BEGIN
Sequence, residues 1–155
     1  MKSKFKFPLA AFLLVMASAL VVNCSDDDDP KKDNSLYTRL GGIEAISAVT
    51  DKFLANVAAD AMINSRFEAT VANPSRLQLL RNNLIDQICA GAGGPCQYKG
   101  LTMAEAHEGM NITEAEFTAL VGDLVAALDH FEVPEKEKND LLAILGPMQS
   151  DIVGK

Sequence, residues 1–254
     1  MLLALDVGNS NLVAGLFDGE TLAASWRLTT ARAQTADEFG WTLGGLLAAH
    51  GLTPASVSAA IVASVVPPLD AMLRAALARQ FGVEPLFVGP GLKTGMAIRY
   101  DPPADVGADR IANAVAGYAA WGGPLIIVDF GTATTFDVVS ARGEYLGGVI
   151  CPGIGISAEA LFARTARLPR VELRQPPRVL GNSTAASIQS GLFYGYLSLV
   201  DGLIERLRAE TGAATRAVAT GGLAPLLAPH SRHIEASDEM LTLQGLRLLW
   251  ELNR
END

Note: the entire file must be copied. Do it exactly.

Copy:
Sequence, residues 1–155
     1  MKSKFKFPLA AFLLVMASAL VVNCSDDDDP KKDNSLYTRL GGIEAISAVT
    51  DKFLANVAAD AMINSRFEAT VANPSRLQLL RNNLIDQICA GAGGPCQYKG
   101  LTMAEAHEGM NITEAEFTAL VGDLVAALDH FEVPEKEKND LLAILGPMQS
   151  DIVGK

Sequence, residues 1–254
     1  MLLALDVGNS NLVAGLFDGE TLAASWRLTT ARAQTADEFG WTLGGLLAAH
    51  GLTPASVSAA IVASVVPPLD AMLRAALARQ FGVEPLFVGP GLKTGMAIRY
   101  DPPADVGADR IANAVAGYAA WGGPLIIVDF GTATTFDVVS ARGEYLGGVI
   151  CPGIGISAEA LFARTARLPR VELRQPPRVL GNSTAASIQS GLFYGYLSLV
   201  DGLIERLRAE TGAATRAVAT GGLAPLLAPH SRHIEASDEM LTLQGLRLLW
   251  ELNR